The NC700 series is powered by a single overhead camshaft 670 cc (41 cu in) parallel-twin engine that is tilted 62˚ forward to provide a low centre of gravity, with near uniform weight distribution.[12][13] The undersquare engine has programmed fuel injection, separate timing profiles for each cylinder,[14][15][16] and is tuned to deliver powerful torque in the low- to mid-speed range.[15] The engine was designed to deliver a "pleasant throbbing feel" of a V-twin through the use of a 270° crank, which Honda "deliberately designed with a uniaxial primary balancer" even though the primary vibration of the crankshaft could have been balanced perfectly using a biaxial balance shaft.[17][18] The fuel consumption figure of 3.58 L/100 km (79 mpg‑imp; 65.7 mpg‑US) has been attributed to the low number of moving parts in the engine – the oil pump is driven by the balance shaft, while the camshaft also drives the water pump.[17] The design also resulted in water hoses that were 30% shorter.[12] The pistons are resin-coated and lightweight aluminum material is used for the friction-reducing roller rocker arm.[16]

Transmission[edit]

The NC700X, NC700S and NC700SA come with a six-speed manual gearbox while the Integra and the NC700SD come standard with a second generation of the six-speed dual-clutch transmission first used on the Honda VFR1200F. The version used on the Integra and NC700SD is lighter and more compact due to a simplified hydraulic circuit; a learning function has also been added to each of the drive modes to detect a variety of riding environments.[16] The system uses heavy duty large-diameter clutches to deal with the rigours of use in stop/start city traffic.[17]

Drive mode on the transmission puts an emphasis on fuel economy by staying in as high a gear as possible as often as possible, keeping engine speeds low, between 2,000 and 2,500 rpm for steady speed cruising such as on freeways, while selecting Sport mode keeps the engine running at higher rpm as often as possible in order to supply more immediate power in situations where spooling the engine would be a hindrance.[19]

References[edit]

  1. ^ "Honda's Naked Commuter". Retrieved 12 August 2012. 
  2. ^ "2012 Honda NC700SA Review". Retrieved 12 August 2012. 
  3. ^ Pickett, Bob. "Is Cheap Fuel a False Economy? Honda NC700S Review |web". Retrieved 12 August 2012. 
  4. ^ Ash, Kevin. "Honda Australia NC700SA". Retrieved 20 July 2012.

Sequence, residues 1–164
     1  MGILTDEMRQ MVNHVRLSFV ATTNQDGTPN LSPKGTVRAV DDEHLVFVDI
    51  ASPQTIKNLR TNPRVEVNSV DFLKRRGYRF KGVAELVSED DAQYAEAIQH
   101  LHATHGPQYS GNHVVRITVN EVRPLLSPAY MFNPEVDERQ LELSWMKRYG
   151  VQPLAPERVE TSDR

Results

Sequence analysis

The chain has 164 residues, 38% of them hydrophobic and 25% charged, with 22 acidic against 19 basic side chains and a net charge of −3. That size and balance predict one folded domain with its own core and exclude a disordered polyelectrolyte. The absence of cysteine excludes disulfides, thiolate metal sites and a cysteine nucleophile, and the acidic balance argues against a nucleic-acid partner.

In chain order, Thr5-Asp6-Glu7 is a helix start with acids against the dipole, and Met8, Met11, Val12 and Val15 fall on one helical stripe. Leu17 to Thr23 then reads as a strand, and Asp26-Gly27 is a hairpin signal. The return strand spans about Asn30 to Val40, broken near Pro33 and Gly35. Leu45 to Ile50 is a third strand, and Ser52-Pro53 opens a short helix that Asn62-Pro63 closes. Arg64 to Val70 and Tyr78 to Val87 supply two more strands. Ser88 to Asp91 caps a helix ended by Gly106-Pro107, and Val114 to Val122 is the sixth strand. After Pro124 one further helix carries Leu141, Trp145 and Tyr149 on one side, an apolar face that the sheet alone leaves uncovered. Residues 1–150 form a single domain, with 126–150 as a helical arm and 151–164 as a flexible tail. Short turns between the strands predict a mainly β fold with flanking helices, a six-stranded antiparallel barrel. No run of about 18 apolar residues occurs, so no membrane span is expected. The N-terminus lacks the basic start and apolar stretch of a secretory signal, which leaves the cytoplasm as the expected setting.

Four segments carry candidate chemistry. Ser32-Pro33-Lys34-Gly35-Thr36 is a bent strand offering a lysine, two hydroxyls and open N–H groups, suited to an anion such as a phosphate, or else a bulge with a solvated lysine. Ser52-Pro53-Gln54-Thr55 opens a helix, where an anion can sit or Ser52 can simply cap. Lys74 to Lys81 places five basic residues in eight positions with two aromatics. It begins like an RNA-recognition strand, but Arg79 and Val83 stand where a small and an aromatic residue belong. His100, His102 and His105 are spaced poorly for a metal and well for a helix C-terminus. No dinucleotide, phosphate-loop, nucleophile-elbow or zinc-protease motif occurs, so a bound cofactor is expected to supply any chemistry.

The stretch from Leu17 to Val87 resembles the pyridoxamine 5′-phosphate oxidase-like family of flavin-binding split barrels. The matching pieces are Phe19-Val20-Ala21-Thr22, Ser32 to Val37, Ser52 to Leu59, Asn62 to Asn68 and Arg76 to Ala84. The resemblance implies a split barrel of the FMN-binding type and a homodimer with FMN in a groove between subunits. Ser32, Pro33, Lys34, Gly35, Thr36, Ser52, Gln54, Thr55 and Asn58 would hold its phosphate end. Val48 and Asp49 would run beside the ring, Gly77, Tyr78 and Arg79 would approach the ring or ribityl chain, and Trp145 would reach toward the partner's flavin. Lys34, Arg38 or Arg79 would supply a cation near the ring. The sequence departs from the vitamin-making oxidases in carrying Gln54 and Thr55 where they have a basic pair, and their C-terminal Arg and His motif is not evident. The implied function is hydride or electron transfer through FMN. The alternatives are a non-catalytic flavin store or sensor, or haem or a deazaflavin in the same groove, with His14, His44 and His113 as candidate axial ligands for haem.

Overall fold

5. ^ Ash, Kevin. "Honda NC700X UK ride". The Telegraph. Retrieved 12 July 2012. 
  6. ^ Bastien, Pascal. "www.moto123.com". Retrieved 20 July 2012. 
  7. ^ http://www.insidemotorcycles.com/news/industry-news/item/1533-honda-canada-reveals-nc750-range-and-remainder-of-2014-lineup.html
  8. ^ NC750S / Overview, Honda Motor Europe Limited, archived from the original on 2013-11-16, retrieved 2014-04-05 
  9. ^ http://www.hondaireland.ie/motorcycles/street/nc750sa/technical-specification/%7Caccessdate=2015-07-17
  10. ^ Integra (NC750D) / Overview, Honda Motor Europe Limited, archived from the original on 2013-11-16, retrieved 2014-04-05 
  11. ^ Mark Tuttle (September 3, 2013), 2014 Honda CTX700 Road Test, Rider Magazine, archived from the original on December 28, 2013 
  12. ^ a b van der Linden, Paco. "INTRODUCTIE: HONDA INTEGRA". Motor Freaks. Retrieved 15 May 2012. 
  13. ^ 125cc and Scooters (PDF). United Kingdom: Honda (UK) Motorcycles. 2012. 
  14. ^ "Global 700cc Engine Technical Details". Honda. 2012. Retrieved 17 January 2013. 
  15. ^ a b Hanlon, Mike. "Honda announces next generation motorcycle engines with outstanding fuel economy and useability". Retrieved 28 May 2012. 
  16. ^ a b c Beeler, Jensen. "700cc Honda Integra Motor for Mid-Sized Motorcycles". Asphalt & Rubber. Retrieved 28 May 2012. 
  17. ^ a b c Bowman, Zach. "Honda stuns world by showing off surprise new Integra". Autoblog. Retrieved 15 May 2012. 
  18. ^ "Technical details. Uniaxial primary balancer". Honda. Retrieved 20 September 2012. 
  19. ^ Abaidullah, Rana. "Honda Integra 700 C-ABS 2012". Latest Bikes Info. Retrieved 25 May 2012. 

External links[edit]